Nigerian Christmas Magic
I grew up in a Hindu family in the USA, but for several years, we celebrated Christmas with Indian friends whose daughter had attended Catholic school. That tradition sputtered out by the time I became a teenager. I longed for holiday magic, wonder and delight but never experienced it as a kid. To my dismay, my parents didn’t care much about Indian holidays, either.
When I had my own children, it was fun pulling out all the stops for them at Christmas, as I had longed for as a child. The tree filled the house with a lovely pine scent, and we covered it with ornaments from every place my husband and I had travelled. On Christmas Eve, we left out cookies for Santa and carrots for his reindeer, and I read to my kids from a children’s Bible. My husband set up a little train around the room that chugged and whistled to surprise our kids when they came down the stairs on Christmas morning. I tried so hard to create traditions and special memories.
We had seven spectacular years of celebrations as parents, and then in November 2011, we left the USA for Nigeria. I’m not sure I’ve ever been busier than in the months preceding our move. I was so frantic worrying about what vaccinations my young kids would need, accumulating a year’s worth of medication and managing my anxiety about my first international move that a lot of things fell by the wayside.
I was overwhelmed. I saw my future as a black hole. I cried about what I would teach my children as a mother in Lagos, knowing nothing of how things operated there.
My husband, thankfully, had lived in Nigeria before. He assured me we would still be ourselves, only in a different place. One of the last things he did before the movers showed up was buy a fake Christmas tree for our future holiday celebrations. This astounded me. I wasn’t capable of thinking that far ahead.
Suddenly, our family was in Lagos. When December and the harmattan dust rolled in, we realised that the Christmas tree would not be arriving until February in our sea shipment. I wasn’t even clear on where to do my food shopping at that point, so buying gifts for the kids seemed impossible. I managed to find a few battered action figures and my husband procured a shrunken, crooked tree. Compared to the splendours of yore, it made for a terribly depressing sight.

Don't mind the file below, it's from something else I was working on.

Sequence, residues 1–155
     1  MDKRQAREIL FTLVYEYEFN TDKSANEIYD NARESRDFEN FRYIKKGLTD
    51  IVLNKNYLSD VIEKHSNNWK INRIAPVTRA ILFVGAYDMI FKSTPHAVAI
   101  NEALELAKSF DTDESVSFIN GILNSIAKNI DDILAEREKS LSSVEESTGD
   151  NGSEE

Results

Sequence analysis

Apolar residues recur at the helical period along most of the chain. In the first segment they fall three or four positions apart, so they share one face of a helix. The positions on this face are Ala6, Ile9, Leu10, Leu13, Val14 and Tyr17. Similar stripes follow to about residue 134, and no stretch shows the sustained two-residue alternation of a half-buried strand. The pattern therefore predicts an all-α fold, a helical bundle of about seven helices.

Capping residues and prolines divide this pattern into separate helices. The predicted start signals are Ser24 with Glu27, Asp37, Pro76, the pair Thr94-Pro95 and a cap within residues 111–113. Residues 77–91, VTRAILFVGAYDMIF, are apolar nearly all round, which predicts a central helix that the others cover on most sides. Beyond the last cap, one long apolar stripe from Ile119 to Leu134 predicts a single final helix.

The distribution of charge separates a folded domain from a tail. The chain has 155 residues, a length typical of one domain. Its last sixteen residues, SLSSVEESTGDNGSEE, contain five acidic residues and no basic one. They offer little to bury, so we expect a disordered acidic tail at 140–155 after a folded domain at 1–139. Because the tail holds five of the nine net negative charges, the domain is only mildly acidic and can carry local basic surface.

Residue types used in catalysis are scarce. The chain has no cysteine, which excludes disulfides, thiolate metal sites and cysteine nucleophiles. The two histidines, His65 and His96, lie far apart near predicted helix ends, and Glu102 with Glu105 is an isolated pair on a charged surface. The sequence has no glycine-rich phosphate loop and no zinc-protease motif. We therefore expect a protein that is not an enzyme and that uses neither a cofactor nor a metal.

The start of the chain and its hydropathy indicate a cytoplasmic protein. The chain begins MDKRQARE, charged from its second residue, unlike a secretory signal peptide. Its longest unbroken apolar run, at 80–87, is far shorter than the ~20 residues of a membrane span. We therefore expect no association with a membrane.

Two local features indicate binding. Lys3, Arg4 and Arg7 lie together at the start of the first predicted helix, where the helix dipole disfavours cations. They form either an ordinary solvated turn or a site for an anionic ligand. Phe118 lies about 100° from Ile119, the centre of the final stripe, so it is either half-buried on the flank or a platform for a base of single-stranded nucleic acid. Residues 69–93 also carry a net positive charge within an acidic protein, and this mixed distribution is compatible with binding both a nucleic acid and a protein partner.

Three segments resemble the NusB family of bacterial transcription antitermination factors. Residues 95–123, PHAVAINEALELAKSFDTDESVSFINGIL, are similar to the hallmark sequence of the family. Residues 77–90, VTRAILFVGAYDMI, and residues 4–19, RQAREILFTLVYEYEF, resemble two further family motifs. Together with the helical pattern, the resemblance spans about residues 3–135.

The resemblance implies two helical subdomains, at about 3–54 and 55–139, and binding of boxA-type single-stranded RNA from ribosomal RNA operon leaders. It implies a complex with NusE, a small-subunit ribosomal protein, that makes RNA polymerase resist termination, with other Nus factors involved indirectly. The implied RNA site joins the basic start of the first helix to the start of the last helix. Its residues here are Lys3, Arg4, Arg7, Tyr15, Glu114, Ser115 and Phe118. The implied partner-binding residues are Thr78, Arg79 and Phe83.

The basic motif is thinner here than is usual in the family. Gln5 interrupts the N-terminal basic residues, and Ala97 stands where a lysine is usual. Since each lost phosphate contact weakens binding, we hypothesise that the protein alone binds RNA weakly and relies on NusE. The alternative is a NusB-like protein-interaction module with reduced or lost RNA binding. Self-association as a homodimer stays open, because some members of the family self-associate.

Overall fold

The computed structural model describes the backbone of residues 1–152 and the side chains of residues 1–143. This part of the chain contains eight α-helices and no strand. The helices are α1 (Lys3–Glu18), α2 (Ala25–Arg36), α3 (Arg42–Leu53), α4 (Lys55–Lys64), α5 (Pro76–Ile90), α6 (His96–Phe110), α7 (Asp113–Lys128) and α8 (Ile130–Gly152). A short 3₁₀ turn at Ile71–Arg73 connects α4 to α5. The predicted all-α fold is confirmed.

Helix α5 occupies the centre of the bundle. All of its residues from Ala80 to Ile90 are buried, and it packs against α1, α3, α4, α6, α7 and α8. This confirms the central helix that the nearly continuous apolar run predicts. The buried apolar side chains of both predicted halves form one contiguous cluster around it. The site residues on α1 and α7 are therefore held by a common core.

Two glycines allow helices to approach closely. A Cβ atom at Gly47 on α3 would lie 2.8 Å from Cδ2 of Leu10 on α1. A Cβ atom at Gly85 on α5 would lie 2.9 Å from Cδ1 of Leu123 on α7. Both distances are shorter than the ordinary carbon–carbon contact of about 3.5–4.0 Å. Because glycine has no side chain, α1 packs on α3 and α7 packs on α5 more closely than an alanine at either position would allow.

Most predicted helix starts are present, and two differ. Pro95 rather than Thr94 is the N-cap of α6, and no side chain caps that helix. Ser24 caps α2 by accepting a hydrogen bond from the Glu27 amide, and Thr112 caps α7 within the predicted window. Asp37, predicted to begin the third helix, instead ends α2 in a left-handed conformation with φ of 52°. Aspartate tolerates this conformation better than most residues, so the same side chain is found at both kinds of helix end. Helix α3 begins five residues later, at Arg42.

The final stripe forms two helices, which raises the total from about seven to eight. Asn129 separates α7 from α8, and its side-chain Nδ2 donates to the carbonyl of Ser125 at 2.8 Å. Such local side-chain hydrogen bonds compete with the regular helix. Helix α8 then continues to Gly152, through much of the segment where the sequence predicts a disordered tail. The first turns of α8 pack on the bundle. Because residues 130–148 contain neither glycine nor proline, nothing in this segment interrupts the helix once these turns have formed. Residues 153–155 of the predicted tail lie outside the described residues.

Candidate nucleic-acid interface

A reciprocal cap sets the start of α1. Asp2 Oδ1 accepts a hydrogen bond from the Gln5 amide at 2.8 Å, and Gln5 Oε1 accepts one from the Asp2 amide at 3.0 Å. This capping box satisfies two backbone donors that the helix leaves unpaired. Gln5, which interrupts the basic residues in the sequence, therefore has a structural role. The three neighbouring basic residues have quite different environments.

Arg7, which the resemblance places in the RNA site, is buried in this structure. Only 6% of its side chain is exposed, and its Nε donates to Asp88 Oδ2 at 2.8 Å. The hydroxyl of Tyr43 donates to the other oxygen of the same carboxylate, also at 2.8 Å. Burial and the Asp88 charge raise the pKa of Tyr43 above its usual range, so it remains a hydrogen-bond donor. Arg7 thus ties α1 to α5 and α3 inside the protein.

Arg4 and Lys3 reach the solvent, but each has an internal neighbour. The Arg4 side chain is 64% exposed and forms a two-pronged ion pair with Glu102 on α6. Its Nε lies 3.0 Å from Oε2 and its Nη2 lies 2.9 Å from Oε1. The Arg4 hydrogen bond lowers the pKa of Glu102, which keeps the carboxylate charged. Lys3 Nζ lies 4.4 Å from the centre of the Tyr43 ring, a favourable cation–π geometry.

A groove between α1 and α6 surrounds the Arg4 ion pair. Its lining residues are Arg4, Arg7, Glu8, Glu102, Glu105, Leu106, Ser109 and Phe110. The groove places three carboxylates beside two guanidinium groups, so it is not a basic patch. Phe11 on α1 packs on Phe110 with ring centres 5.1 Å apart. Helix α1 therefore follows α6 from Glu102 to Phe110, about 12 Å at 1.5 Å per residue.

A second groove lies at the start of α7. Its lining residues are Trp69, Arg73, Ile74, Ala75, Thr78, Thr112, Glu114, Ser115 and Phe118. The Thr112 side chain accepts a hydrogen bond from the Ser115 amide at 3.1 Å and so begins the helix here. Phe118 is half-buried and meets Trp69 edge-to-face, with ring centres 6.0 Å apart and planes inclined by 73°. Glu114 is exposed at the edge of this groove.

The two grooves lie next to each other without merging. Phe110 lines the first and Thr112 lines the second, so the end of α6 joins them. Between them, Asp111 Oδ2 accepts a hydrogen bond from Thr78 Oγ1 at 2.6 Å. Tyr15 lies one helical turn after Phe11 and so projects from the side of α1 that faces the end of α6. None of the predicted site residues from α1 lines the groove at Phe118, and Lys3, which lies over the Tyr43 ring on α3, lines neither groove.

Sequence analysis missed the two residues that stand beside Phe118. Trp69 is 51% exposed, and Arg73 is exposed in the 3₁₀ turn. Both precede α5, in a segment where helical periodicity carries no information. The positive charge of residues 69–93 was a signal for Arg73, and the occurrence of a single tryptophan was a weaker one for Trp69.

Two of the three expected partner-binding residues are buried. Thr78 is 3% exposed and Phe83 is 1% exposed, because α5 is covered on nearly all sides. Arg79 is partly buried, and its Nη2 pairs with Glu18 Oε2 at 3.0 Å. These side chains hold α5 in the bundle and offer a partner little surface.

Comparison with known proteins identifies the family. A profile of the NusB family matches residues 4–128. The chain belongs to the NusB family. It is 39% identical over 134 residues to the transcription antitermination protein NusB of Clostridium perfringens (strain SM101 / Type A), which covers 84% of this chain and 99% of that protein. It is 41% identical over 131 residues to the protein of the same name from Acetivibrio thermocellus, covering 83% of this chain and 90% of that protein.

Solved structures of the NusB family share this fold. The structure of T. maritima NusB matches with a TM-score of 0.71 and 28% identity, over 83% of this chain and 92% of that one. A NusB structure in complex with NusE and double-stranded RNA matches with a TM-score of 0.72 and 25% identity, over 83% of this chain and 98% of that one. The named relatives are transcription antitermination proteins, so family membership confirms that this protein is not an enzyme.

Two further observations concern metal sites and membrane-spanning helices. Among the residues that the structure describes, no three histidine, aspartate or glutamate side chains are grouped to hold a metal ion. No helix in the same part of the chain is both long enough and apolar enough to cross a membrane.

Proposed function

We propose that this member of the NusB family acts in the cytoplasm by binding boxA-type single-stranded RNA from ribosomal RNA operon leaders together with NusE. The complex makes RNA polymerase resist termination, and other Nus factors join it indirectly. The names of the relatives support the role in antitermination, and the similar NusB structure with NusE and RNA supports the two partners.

And yet, the children couldn’t care less. On Christmas morning, they ran around clutching their odd toys like they had longed for them all their lives. They ate candies for breakfast, watched television in a pile and seemed as joyful as they always were at Christmas. All of the holiday magic I had dreamed of as a child was here with us in Nigeria, even without any of the usual holiday trappings.
That night, after the children fell asleep, the power in the flat went out, and I heard a series of explosions. “What’s that?” I asked my husband, terrified. “Is it gunfire?”
“Yes,” he said bravely. “Boko Haram is here.”
My husband is a prankster, yet I believed him and nearly wet myself. Then he grabbed me by the hand and led me to the window. We watched firecrackers exploding over Victoria Island, our arms around each other’s waists like two little kids, awed by the unexpected magic of our first Nigerian Christmas together.
Mona Zutshi Opubor is an Indian-American and Nigerian writer. She holds an MSt in Literature and Arts from the University of Oxford, an MA in Creative Writing from Boston University and a BA in English Literature from Columbia University.
Read more at www.monazutshiopubor.com
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